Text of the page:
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A Mother-Daughter Bond Through Narcolepsy

February 28th, 2024

Narcolepsy Network Board Member, Carol Gilmour, and her daughter, Caroline Arnette, former Narcolepsy Network Lead Youth Ambassador, are on Capitol Hill this week advocating for rare disease research funding. We wanted to learn more about their relationship, advocacy, and journey through Caroline’s diagnosis with narcolepsy, so we asked them to share their story with us.

Caroline, in a few sentences, can you describe the types of advocacy you have participated in (like Youth Ambassadors and Rare Disease Week) and how they have helped you in your journey?
I have been very lucky to have had the opportunity to participate in many advocacy activities. I became the Narcolepsy Network  Lead Youth Ambassador, where I learned how to ask for accommodations and support, how to teach others those skills, and accept and embrace my narcolepsy. I have spoken at conferences, including for Narcolepsy Network and for teachers, led support groups for teens, advocated on Capitol Hill, started a disability support organization at my university, and spread awareness of how to recognize symptoms to help people get diagnosed. This included being in educational videos, participating in medical school grand rounds, and presenting at doctor’s offices and to school nurses.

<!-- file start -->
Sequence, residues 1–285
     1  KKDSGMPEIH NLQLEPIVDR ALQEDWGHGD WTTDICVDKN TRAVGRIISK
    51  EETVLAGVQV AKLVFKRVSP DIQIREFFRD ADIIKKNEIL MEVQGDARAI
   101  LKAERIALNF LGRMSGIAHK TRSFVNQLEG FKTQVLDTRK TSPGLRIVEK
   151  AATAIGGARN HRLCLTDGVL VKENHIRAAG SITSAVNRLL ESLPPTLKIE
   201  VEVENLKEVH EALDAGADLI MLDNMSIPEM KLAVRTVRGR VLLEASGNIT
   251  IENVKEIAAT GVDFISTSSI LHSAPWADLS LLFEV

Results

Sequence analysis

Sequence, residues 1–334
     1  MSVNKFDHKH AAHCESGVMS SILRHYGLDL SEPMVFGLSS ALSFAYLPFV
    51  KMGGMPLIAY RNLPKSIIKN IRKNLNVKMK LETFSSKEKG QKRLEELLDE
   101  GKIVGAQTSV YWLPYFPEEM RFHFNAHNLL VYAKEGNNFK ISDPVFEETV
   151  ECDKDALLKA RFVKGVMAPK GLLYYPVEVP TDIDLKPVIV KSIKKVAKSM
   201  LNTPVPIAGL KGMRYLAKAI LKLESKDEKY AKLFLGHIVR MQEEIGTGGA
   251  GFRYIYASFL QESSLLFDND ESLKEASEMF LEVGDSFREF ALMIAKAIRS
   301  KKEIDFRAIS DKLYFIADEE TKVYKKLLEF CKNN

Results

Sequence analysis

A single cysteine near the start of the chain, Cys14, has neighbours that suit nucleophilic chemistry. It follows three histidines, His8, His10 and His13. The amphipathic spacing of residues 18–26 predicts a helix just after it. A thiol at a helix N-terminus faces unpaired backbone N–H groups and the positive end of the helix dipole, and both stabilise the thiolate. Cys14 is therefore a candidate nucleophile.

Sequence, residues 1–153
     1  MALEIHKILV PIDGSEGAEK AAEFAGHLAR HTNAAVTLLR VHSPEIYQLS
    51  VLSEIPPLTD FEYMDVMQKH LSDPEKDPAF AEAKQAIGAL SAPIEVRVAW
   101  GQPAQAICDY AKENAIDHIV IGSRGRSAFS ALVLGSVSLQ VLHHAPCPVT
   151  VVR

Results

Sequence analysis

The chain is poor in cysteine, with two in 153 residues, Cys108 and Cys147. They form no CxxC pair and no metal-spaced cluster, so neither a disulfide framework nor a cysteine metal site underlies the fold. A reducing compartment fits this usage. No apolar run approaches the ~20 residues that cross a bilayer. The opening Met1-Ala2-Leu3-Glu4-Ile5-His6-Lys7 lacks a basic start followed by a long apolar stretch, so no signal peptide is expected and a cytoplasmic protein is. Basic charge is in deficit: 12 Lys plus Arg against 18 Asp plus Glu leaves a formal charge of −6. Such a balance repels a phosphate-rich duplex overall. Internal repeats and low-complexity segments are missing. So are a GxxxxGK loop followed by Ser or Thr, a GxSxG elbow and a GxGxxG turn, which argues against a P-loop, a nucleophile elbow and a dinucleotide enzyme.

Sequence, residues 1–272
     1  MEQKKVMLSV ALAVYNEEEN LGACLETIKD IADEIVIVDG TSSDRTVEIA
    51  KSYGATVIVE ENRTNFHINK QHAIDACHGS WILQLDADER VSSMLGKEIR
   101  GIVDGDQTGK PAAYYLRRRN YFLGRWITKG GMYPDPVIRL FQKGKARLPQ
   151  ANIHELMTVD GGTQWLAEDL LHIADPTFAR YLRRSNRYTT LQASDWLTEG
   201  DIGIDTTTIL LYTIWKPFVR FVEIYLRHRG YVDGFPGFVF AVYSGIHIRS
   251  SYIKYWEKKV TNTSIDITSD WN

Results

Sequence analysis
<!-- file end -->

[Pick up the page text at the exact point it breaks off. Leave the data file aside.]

What does the support from your mom mean to you?
The support of my mom means everything to me and saved my life. Unfortunately, I have met so many young narcolepsy patients that have had to fight tooth and nail to get their families to believe that they have narcolepsy and not just “an attitude problem” or a lack of work ethic. Before I was diagnosed, my mom believed me when I told her I knew something was wrong. She was my greatest advocate before I was well enough to be my own advocate. Once I was healthy enough to fight for myself, she still supported me, helping me navigate insurance coverage of my medications, taking time off work to travel with me to events, and always being there for me when I needed her. My mom’s involvement in my diagnostic odyssey and advocacy journey enabled me to be the person I am today.

Carol, in a few sentences, can you describe the rewards you get from participating in Rare Disease Week (RDW)?
RDW is an empowering event that is energizing and humbling. About 800 advocates from around the country, who face a variety of challenges, attend. Everyone there is determined to try to improve the lives of people with rare diseases by getting national legislation passed and keeping the need to support rare disease research funding and legislation in the minds of our representatives. When I attended I got support from friends, old and new, and discovered my voice, learned how to be an advocate, and became motivated to be more involved in narcolepsy and rare disease advocacy. It also made me realize that not everyone has an established support network for their condition, which made me further appreciate what we have here.

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Date Created: February 28th, 2024
Last Updated: February 29th, 2024